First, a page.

It’s been wonderful to see our new Graduate Artist-In-Residence Janet making such great use of her studio space here at Eaton House, and really becoming absorbed into the project she is working on throughout the residency.
Here’s Janet’s latest blog post reflecting on her residency so far:
Investigation into Extended Phenotypes
This is my second blog from my residency at Coventry ArtSpace. The studio space is exceedingly comfortable to work in, and I’ve used it more frequently than I thought I would – mostly because I’m eager to make work, but also because having studio space allows me to use home as a home and not a place where I never switch off, which benefits my family too.
My recent work has continued on in a similar vein to before, plus I’ve been reading about theories of entanglement, and about DNA and extended phenotypes. I participated in a workshop run by artist Gemma Anderson(1)at the British Science Festival last month, called ‘Drawing Life’, where I learned a way of “depicting evolution on the page”(2) via drawing according to compound selective rules to imitate the activities of DNA. This demonstrated that even though they might appear complex, the structures of organic forms are founded from basic shapes.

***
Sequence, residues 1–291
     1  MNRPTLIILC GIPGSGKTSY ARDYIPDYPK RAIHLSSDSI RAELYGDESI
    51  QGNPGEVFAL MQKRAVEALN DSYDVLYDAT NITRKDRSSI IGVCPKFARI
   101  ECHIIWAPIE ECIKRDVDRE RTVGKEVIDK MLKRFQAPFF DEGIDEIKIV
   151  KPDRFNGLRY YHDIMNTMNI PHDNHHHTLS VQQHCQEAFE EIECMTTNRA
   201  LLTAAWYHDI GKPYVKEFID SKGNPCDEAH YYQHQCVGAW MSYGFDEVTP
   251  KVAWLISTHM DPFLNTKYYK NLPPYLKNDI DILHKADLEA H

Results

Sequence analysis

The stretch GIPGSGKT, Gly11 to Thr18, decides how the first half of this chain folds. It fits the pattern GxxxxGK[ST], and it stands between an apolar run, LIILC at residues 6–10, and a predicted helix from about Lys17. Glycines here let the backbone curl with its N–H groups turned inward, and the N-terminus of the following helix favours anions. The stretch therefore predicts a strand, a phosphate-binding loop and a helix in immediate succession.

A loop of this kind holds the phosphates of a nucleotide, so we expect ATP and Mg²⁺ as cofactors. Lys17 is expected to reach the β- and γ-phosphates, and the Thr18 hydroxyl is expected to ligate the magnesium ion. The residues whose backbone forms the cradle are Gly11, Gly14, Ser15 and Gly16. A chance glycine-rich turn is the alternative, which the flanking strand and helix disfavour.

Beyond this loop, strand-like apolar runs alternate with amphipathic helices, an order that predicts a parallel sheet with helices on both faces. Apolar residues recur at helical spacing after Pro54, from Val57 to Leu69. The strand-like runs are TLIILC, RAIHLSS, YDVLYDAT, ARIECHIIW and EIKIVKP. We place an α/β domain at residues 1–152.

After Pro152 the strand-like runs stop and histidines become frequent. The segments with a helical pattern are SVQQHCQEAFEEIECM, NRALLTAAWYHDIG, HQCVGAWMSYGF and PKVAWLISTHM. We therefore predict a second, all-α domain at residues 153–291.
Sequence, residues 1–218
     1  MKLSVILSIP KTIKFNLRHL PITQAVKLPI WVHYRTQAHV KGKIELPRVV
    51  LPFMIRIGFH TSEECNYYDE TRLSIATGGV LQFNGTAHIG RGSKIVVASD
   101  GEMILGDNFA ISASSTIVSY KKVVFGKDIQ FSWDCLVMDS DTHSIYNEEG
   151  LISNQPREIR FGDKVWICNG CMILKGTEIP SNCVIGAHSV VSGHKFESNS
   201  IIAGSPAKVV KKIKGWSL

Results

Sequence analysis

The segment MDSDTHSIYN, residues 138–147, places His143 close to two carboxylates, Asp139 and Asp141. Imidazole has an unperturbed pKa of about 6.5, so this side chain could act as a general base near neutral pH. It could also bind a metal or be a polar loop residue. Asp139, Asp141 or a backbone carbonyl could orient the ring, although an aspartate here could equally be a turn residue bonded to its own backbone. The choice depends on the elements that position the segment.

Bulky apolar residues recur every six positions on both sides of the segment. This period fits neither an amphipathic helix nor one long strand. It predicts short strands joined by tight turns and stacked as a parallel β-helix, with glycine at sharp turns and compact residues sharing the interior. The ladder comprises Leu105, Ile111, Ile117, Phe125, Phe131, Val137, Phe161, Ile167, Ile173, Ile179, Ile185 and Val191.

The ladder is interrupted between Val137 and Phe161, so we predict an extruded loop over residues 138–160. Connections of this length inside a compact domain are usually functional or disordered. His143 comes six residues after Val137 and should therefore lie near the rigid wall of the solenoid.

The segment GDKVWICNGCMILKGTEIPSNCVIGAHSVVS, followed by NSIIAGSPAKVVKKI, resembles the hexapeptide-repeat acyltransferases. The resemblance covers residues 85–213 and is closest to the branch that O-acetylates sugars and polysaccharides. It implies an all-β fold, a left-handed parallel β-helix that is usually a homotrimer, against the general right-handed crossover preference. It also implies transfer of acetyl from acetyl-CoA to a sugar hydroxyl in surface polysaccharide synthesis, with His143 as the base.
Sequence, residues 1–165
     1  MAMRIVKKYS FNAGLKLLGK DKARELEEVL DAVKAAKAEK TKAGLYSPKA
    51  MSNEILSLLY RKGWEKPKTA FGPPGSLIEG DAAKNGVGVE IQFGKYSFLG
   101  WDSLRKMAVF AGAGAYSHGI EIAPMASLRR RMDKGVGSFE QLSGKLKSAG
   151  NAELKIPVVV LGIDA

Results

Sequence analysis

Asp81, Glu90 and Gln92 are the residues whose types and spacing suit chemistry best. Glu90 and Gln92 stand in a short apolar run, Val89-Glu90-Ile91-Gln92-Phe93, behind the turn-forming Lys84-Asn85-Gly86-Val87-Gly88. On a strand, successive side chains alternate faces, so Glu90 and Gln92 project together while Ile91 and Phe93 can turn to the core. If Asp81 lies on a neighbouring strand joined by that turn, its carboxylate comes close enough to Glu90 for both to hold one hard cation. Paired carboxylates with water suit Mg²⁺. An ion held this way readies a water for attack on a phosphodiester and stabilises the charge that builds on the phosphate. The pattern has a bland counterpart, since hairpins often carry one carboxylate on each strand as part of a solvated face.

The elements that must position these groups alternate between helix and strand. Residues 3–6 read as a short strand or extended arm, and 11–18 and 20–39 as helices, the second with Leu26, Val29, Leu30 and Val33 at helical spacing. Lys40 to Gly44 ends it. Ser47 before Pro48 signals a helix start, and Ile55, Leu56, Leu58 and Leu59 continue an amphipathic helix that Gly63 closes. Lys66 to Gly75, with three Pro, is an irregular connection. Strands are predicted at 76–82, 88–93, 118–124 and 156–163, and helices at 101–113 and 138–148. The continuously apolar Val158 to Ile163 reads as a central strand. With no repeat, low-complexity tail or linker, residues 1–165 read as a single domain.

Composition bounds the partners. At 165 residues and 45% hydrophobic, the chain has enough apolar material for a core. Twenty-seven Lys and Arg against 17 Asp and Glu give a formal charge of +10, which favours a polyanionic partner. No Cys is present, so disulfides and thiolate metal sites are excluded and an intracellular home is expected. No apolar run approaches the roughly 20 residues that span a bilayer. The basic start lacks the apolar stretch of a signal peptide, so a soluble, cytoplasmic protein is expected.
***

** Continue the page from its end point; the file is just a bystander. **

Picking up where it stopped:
I want my time here to generate as much work as possible and have been gleaning during each walk up to Eaton House. My growing collection of ground-level items has surprised me by being more organic in origin than I would have predicted. My expectation was that city detritus would be mainly inorganic but the part of Coventry I’ve been walking through is comprised of leafy mid-eighteenth century boulevards so I arrive with leaves in my pockets most mornings.
When embossing finds onto paper, which I do with everything that will fit under the roller, it’s interesting to compare the squashed shapes of organic fragments – leaves, twigs, feathers, etc. with the usual straight lines of bits of plastic and paper. Sometimes they are entirely different, yet others are very similar, polythene and paper bags, in particular, gain a chaotic organic-looking outline when squashed under the roller.
Some finds are more interesting than others and one in particular – an oak gall – has sparked off quite a lot of work. Apparently, 2019 has been a bumper year for the production of galls and I’ve become absorbed in stories of the long association of galls with human learning and culture. There are many, many varieties of gall, but the one I’ve discovered most frequently underfoot around here is the Knopper Wasp Oak Gall which is dark, round and very knobbly. If you look under oak trees that are over 40 years of age you will probably see some. So, although I’m continuing with gleaning and embossing finds, the work that I am most excited about making is all about social-historical resonances of oak galls and the phenotype of oak trees.